Take Part in Research on Music and Hearing Aids

New Research: Listening to Music Through Hearing Aids

Professor Brian Moore and his team at Cambridge University, including Ph.D. students Marina Salorio-Corbetto and Sara Madsen, are studying how hearing loss affects the perception and enjoyment of music and how music listening is influenced by the use of hearing aids.

Hearing aid designers have always prioritized making speech more audible and intelligible in both quiet and noisy situations, especially in modern digital hearing aids.  However, people often use their hearing aids to listen other kinds of sounds, in particular music – including some professional musicians. Hearing aids that are optimized for listening to speech may not be ideal for listening to music and some musicians complain that their digital hearing aids are not as good as their old analogue aids when it comes to listening to music.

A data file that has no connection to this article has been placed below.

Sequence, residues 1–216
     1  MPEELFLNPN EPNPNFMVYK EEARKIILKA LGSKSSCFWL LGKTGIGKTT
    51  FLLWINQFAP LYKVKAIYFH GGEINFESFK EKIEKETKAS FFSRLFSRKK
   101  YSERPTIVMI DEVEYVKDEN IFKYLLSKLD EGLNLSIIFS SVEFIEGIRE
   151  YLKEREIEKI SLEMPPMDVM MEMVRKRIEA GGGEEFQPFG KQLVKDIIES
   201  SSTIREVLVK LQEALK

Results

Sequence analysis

The Research

Professor Moore and his team are trying to clarify the problems experienced by people using hearing aids to listen to music and to identify if there are particular types of music that create special difficulty. They are also trying to determine how beneficial current hearing aids are when listening to music and to establish whether this benefit is related to degree and type of hearing loss.

Their ultimate aim is to improve how music is perceived and enjoyed through hearing aids, by altering the way that sound is processed in the aids themselves. They hope to be able to develop a special program for use in hearing aids that can be selected when listening to music.

To do this, they are conducting an online survey to gather information about people’s experiences when listening to music using hearing aids.

Are You Interested in Taking Part in this Research?

Are you a hearing aid user aged 18 or above? Do you use your hearing aids to listen to music?

If so, you can help Professor Moore and his team by taking part in this survey: https://www.surveymonkey.com/s/musicandhearingaids

It shouldn’t take long to complete, and all your responses will be anonymous. The survey will be running until the end of June 2013.